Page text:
Calculating Land

Assuming that land is an "input" in the production process, the total amount of goods and services produced in an area will be critical in determining the value of land within that area. A measure of the average productivity of land can be obtained by dividing the total production of a metro area by the number of square miles of land within the area. (While the land itself does not command the entire value of production, capital and labor are critical inputs. We assumed that other factors are constant across metro areas.) The table below contains estimates of the GMP for each of 20 metro areas for 2001, as well as GMP per square mile.

It is clear that there is a huge variation in the "productivity" of land across these 20 metro areas. In New York, the top market, each square mile generated $379.2 million of goods and services, whereas in Albuquerque each square mile in the metro area generated $3.8 million of goods and services.

Using the "productivity" data presented in the table, we conducted an analysis using land values and GMP per square mile. The results indicated a statistically significant relationship between land values and GMP per square mile.

To refine the analysis further, we used the concept of a residential lot as the unit of measurement for determining the amount of useable residential land in a metropolitan area. Using imputed lot value and GMP per lot, we obtained a dramatic improvement in the fit compared with using GMP per square mile.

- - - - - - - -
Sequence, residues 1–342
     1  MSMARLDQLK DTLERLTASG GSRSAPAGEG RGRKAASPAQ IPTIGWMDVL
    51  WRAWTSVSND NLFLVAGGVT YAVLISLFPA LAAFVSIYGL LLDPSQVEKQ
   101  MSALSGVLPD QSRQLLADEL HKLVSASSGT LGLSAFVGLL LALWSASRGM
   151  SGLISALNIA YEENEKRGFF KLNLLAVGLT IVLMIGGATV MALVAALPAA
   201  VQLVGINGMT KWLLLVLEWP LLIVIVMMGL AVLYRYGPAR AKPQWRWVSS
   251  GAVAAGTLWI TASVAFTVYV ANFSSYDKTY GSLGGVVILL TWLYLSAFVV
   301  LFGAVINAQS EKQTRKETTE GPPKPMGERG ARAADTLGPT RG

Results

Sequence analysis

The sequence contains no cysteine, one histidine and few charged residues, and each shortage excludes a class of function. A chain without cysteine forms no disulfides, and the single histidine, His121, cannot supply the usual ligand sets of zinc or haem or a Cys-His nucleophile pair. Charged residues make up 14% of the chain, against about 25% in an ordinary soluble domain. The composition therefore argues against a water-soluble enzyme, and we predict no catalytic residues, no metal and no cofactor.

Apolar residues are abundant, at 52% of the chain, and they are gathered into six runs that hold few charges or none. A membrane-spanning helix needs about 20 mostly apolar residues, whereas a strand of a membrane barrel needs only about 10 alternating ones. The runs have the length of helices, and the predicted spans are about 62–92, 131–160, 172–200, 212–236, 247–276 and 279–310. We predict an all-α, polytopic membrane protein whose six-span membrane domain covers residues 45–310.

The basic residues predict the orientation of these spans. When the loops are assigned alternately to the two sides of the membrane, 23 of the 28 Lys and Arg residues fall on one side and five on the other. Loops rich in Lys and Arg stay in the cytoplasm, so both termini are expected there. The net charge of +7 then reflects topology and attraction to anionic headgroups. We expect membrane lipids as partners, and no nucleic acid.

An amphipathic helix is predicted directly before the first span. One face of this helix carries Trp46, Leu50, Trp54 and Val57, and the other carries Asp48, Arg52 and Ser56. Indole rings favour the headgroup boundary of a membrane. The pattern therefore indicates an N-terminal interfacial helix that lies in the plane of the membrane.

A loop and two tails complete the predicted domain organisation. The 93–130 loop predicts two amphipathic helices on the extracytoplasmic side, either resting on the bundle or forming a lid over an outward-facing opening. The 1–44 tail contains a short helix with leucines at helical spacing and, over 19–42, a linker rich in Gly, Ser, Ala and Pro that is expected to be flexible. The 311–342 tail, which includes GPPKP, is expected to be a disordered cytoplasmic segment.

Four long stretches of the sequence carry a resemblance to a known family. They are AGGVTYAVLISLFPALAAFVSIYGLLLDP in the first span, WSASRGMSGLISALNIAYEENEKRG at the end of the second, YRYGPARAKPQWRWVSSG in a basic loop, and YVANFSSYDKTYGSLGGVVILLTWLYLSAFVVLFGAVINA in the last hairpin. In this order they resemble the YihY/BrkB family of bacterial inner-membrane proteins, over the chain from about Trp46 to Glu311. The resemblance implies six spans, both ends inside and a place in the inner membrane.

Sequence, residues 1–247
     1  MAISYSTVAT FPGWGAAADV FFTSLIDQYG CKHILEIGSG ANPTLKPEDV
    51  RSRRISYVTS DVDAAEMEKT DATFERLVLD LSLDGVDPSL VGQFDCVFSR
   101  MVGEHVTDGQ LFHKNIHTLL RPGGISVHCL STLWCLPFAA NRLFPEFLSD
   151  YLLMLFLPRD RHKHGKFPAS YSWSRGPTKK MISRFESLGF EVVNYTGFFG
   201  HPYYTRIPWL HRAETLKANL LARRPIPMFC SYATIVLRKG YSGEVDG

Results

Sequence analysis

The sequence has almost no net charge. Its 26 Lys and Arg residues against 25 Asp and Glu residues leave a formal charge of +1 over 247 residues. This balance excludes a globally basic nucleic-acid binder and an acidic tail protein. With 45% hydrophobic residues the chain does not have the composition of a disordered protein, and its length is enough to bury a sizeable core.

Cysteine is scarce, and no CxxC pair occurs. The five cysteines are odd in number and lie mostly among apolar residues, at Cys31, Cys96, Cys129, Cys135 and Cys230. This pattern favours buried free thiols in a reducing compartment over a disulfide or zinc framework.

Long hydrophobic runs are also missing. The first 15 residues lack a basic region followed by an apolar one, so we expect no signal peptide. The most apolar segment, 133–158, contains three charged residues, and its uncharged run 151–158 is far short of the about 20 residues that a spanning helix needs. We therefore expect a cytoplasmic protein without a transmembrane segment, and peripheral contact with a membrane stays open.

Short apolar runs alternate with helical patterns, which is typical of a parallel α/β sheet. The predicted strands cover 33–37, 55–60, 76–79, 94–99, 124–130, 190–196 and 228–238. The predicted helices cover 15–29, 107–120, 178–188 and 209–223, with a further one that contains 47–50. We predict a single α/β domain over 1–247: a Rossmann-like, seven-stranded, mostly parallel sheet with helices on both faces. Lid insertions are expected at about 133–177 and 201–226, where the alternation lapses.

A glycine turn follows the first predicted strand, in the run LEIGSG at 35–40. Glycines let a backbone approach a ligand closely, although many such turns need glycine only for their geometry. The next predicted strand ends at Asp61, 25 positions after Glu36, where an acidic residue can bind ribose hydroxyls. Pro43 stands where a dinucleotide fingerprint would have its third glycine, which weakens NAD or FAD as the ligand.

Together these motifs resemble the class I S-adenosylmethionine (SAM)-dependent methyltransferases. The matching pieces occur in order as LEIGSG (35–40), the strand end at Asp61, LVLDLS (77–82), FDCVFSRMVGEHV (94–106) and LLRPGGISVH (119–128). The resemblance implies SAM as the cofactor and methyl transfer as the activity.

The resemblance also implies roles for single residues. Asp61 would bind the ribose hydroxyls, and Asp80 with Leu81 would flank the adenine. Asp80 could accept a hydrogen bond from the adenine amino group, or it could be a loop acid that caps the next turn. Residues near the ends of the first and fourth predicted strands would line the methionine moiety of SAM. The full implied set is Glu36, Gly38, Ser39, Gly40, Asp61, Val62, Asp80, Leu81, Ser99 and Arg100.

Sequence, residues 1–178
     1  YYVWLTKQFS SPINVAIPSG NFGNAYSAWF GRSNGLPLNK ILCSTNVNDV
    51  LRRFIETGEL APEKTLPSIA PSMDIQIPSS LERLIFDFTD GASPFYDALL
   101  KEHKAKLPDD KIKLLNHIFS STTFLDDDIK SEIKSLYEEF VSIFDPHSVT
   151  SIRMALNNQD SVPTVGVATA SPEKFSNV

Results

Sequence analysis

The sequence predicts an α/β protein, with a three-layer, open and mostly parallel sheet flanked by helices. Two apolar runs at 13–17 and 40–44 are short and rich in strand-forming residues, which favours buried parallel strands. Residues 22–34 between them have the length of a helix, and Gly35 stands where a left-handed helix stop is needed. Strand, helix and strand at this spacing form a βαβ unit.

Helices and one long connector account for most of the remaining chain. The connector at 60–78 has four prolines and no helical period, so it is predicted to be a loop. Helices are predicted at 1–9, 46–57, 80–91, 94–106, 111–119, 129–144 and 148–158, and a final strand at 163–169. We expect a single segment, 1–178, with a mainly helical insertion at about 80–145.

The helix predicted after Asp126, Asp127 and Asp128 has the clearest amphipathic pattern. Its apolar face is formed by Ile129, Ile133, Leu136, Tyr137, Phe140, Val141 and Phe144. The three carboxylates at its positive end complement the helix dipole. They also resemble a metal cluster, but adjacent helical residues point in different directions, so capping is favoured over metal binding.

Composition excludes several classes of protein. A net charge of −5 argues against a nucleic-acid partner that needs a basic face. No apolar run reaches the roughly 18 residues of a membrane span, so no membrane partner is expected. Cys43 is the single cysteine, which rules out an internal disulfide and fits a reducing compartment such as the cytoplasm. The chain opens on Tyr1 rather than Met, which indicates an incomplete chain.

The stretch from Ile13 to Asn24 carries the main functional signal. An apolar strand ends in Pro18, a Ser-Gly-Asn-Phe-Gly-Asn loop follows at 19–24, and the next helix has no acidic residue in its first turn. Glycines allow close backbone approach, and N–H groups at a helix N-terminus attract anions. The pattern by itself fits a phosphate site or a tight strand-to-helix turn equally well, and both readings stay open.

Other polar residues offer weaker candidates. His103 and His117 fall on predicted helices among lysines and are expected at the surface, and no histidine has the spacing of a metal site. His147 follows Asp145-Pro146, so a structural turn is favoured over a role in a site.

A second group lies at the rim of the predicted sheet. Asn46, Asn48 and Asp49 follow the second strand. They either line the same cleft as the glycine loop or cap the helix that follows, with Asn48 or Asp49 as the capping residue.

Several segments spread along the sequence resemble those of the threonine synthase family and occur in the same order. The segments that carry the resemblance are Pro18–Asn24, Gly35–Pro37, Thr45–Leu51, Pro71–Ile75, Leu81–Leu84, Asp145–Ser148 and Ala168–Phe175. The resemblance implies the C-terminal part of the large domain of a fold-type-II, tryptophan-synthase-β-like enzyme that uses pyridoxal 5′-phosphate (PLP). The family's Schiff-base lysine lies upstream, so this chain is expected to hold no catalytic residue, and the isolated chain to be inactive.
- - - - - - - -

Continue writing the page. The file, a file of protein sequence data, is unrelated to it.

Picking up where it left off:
To bid away a unit of land for residential use, residential developers must compete against commercial users who can lease or sell their land to users who generate a very high GMP per lot. Our analysis shows that this high productivity of useable land in San Francisco, for example, goes a long way in explaining the area's high housing costs.

 

Atlanta A Plentiful Supply Slowly Tightens
Northern New Jersey

Rocky Soil, NIMBYs Constrict Supply
Raleigh-Durham Good Jobs, Room to Grow
San Francisco Poster Child for Demand/Supply Imbalance

 

Estimate of GMP per Lot - 2001
Place
GMP/Lot
Estimated GMP ($ billions)
Square Miles
GMP per Square Mile ($ thousands)
Number of Lots (thousands)
New York
$601,374
435.2
1,148
379,236
723
San Francisco
$331,779
117.5
1,066
163,380
354
Boston
$267,536
168.1
5,205
32,307
628
N. New Jersey
$224,296
229.6
3,062
74,997
1,021
Chicago
$207,408
349.4
5,065
68,978
1,684
Los Angeles
$184,871
338.6
4,060
83,400
1,831
Seattle
$183,621
116.1
4,425
26,233
632
Washington
$180,992
239.4
6,549
36,549
1,322
Honolulu
$176,736
30.9
600
51,531
175
San Diego
$175,326
112.2
4,205
26,678
639
Minneapolis
$155,593
131.1
6,064
21,626
842
Fort Lauderdale
$153,878
57.8
1,209
47,848
375
Miami
$152,312
69.3
1,945
35,621
454
Raleigh-Durham
$139,902
48.0
3,491
13,759
343
Atlanta
$136,948
164.4
6,126
26,836
1,200
Cincinnati
$131,728
60.8
3,342
18,200
461
Detroit
$126,606
174.6
3,852
45,320
1,378
Baltimore
$125,575
99.6
2,609
38,174
793
Kansas City
$118,583
68.7
5,407
12,714
579
Albuquerque
$111,067
22.4
5,944
3,772
201